This is the first post in a series following SW EFC staff as we get our feet wet at four very different water and wastewater systems across the country. In the next three blogs in this series, we’ll visit water treatment facilities in New Mexico, Florida and New Hampshire.

When I accompanied my girlfriend on a work trip in the coastal town of Arcata, California, I wasn’t expecting to find inspiration for my own work assisting water and wastewater systems at the SW EFC. I was out birding on our first morning there, marveling at the diversity of species, when I realized the meandering path I was taking was actually part of a system of treatment ponds for the town’s municipal wastewater treatment facility. The grounds looked like a park or wildlife reserve, not like any of the wastewater treatment facilities I’d visited before.

The Arcata Marsh and Wildlife Sanctuary is a beautiful and functional combination of wastewater treatment for the town’s approximately 19,000 residents, and also one of the Northern California Coast’s top birding spots in terms of biodiversity, according to Cornell Lab’s eBird app.

I returned the next day for a self-guided tour of the wastewater treatment system. The Arcata Marsh Interpretive Center provided a map, brochures and advice for spots I should be sure to hit if I was interested in the whole treatment process (of course I was). Most of that process is visible and accessible to the public through a series of bike and foot paths.

Overview of the 5 stages of wastewater treatment at Arcata Marsh:

  1. The wastewater enters the facility through a conventional headworks system. Wastewater typically spends less than a day here, first moving through bar screens that remove large solids (like rags, sticks, and toilet paper). The grit chamber removes sand, gravel and dirt, and the clarifier further removes organic material. From there, the solids go to the digester and the water moves on to the oxidation ponds.
  2. For the next month and a half, the wastewater receives treatment through open pond and wetland systems. The wastewater moves into 55 acres of exposed oxidation ponds. Here, solids settle and bacteria break down through exposure to the UV rays in sunlight. Algae also grow here, absorbing nutrients such as nitrogen and removing them from the water column.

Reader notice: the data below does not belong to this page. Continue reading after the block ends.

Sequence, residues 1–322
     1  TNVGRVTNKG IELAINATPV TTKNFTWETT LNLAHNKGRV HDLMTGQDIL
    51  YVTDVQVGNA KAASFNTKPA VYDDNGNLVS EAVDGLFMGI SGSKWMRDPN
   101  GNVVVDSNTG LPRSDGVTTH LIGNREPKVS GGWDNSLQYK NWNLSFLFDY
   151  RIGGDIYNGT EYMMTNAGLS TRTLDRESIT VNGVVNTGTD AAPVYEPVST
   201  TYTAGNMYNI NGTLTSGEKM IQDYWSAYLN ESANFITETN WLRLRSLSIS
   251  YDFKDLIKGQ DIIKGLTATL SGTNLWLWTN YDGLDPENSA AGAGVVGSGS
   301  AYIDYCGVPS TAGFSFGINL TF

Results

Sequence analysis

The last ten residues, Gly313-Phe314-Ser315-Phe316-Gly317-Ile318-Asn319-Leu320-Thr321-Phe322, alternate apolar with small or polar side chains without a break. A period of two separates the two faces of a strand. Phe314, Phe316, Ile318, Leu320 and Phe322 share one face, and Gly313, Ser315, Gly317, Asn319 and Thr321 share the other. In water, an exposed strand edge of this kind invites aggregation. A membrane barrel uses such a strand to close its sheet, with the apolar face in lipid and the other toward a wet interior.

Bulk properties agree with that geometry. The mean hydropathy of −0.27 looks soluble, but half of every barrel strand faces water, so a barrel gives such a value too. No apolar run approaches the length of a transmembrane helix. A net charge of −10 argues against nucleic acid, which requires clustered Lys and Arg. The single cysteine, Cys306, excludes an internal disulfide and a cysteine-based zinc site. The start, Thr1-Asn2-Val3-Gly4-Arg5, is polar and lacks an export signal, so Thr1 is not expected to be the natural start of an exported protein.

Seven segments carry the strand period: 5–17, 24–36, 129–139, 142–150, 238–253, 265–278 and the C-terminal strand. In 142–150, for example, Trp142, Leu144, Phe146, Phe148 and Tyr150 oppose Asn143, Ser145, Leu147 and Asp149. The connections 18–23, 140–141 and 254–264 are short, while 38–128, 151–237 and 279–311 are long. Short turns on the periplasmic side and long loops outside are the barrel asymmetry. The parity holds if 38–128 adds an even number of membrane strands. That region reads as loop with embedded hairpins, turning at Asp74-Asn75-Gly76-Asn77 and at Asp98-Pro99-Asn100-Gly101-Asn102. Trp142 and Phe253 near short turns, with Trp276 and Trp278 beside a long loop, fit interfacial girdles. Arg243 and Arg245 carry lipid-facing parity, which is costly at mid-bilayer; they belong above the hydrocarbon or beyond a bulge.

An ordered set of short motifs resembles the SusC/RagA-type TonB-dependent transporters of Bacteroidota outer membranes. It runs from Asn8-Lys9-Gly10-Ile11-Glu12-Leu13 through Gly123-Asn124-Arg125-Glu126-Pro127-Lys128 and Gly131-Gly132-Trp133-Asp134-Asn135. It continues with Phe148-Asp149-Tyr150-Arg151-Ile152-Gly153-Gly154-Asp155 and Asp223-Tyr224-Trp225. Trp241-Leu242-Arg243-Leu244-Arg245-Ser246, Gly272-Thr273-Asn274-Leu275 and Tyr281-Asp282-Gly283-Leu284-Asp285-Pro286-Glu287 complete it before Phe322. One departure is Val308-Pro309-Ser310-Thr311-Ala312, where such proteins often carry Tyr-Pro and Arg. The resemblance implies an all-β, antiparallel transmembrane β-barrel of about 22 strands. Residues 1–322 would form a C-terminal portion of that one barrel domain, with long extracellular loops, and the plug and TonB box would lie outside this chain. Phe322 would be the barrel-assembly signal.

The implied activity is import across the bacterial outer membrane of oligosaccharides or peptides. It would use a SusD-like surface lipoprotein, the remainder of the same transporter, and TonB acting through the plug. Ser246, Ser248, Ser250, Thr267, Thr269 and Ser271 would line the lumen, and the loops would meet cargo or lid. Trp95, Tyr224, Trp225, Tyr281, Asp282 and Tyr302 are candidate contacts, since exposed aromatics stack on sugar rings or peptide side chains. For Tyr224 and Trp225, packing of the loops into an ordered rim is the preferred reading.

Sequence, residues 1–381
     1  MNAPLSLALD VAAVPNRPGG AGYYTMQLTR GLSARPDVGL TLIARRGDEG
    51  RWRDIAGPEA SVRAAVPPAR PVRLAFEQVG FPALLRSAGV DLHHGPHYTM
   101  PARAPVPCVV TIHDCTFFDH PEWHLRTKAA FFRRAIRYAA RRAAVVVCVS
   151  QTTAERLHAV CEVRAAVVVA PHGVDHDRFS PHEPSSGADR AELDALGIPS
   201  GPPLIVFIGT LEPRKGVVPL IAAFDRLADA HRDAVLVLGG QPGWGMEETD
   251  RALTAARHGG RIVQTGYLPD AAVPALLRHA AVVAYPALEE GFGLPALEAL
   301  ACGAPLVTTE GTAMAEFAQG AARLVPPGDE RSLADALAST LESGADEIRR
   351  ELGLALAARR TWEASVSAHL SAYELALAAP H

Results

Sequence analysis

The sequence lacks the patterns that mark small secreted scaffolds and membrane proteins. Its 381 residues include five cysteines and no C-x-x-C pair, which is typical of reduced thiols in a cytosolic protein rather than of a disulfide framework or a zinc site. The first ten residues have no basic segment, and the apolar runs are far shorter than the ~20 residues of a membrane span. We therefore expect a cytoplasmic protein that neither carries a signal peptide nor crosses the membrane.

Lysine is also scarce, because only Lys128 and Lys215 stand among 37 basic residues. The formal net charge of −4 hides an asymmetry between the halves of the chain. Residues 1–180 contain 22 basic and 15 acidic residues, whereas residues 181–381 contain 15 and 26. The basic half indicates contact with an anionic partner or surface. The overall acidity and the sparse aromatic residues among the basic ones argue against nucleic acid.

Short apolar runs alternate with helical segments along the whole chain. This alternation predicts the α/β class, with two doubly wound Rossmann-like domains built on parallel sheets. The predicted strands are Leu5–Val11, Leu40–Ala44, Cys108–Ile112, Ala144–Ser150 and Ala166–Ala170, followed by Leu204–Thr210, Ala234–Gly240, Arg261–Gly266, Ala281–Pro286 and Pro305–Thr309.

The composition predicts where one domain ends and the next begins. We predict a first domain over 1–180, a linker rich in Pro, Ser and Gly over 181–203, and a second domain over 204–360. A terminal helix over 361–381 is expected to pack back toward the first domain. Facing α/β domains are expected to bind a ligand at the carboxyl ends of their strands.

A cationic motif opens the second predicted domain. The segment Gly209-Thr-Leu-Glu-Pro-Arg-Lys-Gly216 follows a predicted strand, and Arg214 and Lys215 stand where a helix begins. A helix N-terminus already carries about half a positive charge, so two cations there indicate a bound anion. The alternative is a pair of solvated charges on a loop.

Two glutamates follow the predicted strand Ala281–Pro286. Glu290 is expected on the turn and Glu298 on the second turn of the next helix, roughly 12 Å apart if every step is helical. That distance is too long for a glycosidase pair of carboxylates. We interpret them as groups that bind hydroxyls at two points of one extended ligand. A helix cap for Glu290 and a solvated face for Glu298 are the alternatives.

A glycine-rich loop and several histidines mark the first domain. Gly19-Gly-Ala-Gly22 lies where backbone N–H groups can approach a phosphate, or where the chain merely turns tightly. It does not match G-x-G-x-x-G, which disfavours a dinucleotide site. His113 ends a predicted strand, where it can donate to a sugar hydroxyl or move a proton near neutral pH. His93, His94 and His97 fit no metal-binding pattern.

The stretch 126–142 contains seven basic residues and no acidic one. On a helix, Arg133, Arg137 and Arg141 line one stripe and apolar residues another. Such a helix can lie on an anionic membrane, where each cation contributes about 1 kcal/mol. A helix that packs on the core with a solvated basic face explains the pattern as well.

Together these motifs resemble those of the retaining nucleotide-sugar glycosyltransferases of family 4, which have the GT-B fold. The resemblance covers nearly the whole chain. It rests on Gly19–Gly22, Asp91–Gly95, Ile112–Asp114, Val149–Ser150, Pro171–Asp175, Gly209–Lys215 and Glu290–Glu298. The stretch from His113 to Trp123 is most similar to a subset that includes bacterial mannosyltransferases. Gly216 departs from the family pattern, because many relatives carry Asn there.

3. After about a month, operators release the water from the oxidation ponds into the 10 acres of 2-to-4-foot-deep treatment wetlands, where I went birding. The water stays in this anaerobic system for one to three days. The lack of sunlight kills off some of the algae, which settles and decomposes. Breakdown of organic material, such as plant matter, also occurs in the anaerobic environment, which can put some solids and oxygen demand back into the water.
  4. In the 30 acres of enhancement wetlands – the final treatment stage – the water gets another 5-10 days of treatment. In this system, open water and cover from vegetation results in a combination of aerobic and anaerobic treatment zones. This makes the wetlands ideal hosts for the biological reactions that further break down organic material, remove nutrients, and generally improve water quality.
  5. The water is discharged into the Humboldt Bay by way of the McDaniel Slough tidal wetlands.

Though “stage 4”, the Enhancement Wetlands, is the area where I went birding and what the public thinks of as Arcata Marsh, I noticed an abundance of birds and wildlife in every part of this system. Swallows dive among the eaves of the headworks buildings, California quail parade atop composting piles of removed biosolids, geese and mallards are raising their babies along the edges of the oxidation ponds, and otters swim in brackish tidal wetlands. This is a treatment facility designed with wildlife and public use in mind.

Whether you’re an industry professional or just curious about where your water comes from and where it goes after you use it, touring treatment facilities like this one is a fun and engaging way to learn about water systems. Most municipal treatment facilities have websites and options to sign up for public tours: see the resources below for examples from the Arcata plant.


Marsh wrens’ chipping calls in the Arcata Wastewater Treatment Plant wetlands.

Written by: Shannon Sloane Pepper, Research Scientist at the Southwest EFC